People who suffer from gum disease and also have a severe form of rheumatoid arthritis can lower the chronic pain by keeping their teeth healthy, a new study has said.
The research team from Case Western Reserve University School of Dental Medicine and University Hospitals of Cleveland suggest that both inflammatory diseases share similarities in the progression over time.
In both diseases, the soft and hard tissues are destroyed from inflammation caused by toxins from bacterial infection.
"It was exciting to find that if we eliminated the infection and inflammation in the gums, then patients with a severe kind of active rheumatoid arthritis reported improvement on the signs and symptoms of that disease," said Nabil Bissada, D.D.S., chair of the department of periodontics at the dental school.
"It gives us a new intervention," Bissada added.
Conventionally teeth were pulled or antibiotics were given for treatment of rheumatoid arthritis, which actually treated the periodontitis, and the patients got better.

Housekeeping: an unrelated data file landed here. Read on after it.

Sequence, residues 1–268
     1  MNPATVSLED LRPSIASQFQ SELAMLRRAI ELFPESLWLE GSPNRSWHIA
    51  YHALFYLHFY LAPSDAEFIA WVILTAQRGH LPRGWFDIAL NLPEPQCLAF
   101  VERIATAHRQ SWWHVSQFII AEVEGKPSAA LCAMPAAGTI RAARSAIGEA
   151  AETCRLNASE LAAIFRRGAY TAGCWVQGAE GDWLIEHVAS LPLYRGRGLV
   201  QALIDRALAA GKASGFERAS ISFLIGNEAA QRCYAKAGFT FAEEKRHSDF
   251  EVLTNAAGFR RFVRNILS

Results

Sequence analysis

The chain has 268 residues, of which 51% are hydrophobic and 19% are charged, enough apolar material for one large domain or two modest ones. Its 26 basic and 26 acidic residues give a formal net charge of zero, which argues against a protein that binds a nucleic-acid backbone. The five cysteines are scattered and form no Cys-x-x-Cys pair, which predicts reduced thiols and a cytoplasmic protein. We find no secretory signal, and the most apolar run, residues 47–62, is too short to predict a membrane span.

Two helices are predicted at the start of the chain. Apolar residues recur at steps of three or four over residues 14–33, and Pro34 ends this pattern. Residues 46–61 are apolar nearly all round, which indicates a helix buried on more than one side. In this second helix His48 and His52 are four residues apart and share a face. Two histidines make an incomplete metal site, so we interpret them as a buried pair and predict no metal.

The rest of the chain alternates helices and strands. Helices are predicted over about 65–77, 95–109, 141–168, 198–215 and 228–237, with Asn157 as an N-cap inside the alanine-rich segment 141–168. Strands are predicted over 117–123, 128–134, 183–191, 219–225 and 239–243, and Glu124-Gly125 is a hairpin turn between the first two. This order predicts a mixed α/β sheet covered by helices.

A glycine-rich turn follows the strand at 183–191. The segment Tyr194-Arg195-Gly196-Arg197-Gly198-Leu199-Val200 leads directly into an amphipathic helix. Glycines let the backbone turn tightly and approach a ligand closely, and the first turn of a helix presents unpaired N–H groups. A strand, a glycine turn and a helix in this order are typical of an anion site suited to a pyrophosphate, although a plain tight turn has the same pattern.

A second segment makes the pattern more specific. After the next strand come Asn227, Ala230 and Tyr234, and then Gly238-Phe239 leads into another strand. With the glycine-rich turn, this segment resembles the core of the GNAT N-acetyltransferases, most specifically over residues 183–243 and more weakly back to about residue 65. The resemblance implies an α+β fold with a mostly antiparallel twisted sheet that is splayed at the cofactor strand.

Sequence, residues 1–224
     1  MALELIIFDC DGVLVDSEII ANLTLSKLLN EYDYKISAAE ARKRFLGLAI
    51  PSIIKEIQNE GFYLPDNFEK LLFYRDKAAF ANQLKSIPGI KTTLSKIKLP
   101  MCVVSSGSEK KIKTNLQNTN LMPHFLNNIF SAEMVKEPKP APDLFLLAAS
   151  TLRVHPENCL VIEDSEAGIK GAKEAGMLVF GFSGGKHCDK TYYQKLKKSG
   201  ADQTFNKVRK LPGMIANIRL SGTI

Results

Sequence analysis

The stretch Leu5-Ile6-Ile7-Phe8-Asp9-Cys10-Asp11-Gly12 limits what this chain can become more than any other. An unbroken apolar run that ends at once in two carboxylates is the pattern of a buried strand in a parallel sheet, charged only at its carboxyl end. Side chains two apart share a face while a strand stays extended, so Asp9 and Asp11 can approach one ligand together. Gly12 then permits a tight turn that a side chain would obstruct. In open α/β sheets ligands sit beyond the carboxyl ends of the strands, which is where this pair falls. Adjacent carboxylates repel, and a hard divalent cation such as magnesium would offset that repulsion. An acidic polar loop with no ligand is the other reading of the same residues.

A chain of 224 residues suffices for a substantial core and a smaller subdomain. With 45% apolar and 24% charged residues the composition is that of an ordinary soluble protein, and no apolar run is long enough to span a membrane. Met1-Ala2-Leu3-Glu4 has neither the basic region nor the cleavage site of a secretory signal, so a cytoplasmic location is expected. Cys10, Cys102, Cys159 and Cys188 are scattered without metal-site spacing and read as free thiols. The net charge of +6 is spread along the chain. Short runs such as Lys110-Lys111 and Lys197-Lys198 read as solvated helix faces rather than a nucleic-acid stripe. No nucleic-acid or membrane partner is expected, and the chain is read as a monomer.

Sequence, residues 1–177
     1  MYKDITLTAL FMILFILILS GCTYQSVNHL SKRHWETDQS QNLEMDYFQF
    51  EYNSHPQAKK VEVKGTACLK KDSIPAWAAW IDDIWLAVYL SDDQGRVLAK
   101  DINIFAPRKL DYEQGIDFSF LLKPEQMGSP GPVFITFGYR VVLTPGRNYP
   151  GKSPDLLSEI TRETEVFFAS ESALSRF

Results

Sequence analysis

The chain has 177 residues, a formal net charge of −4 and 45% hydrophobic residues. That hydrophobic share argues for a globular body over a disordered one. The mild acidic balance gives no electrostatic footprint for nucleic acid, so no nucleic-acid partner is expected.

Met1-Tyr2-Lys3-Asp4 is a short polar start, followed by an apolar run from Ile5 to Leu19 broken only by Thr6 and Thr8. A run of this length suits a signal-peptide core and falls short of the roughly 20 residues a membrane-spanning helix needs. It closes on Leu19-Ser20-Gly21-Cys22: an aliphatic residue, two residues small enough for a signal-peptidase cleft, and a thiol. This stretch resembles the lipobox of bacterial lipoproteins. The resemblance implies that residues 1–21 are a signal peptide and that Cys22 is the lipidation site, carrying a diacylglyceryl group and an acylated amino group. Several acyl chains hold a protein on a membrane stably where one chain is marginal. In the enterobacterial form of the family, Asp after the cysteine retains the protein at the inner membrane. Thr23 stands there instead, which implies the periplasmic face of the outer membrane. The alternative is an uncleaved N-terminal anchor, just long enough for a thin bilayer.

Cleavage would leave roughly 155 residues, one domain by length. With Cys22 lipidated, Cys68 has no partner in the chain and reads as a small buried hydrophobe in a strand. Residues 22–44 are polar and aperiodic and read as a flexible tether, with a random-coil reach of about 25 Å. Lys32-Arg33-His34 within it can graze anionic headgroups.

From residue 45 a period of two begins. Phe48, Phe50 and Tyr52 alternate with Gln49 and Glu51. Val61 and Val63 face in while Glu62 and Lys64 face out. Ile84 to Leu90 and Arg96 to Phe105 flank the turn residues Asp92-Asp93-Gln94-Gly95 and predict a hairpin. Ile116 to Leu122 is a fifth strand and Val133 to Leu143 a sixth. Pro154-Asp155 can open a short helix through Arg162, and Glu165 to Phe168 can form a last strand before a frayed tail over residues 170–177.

Bissada and co-researcher Dr Ali Askari, chair of the department of rheumatology at University Hospitals studied 40 patients with moderate to severe periodontal disease and a severe form of rheumatoid arthritis.
They found that one toxin from the inflamed areas called tumour neurosis factor-alpha (TNF-a) is a marker present in the blood when inflammation is present in the body. TNF-a can initiate new infections or aggravate sites where inflammation already exists.
The study showed that after receiving treatment for the gum disease, improvement in rheumatoid arthritis symptoms was seen in patients who did and did not receive the anti-TNF-a medications which block the production of TNF-a that aggravate or can cause inflammation.
"I'm optimistic that someday the biologic agents that we use successfully in treatment of rheumatoid arthritis will lead to improvement of periodontitis and would be available for use and treatment of this perplexing problem," said Askari.
The study appears in the Journal of Periodontology.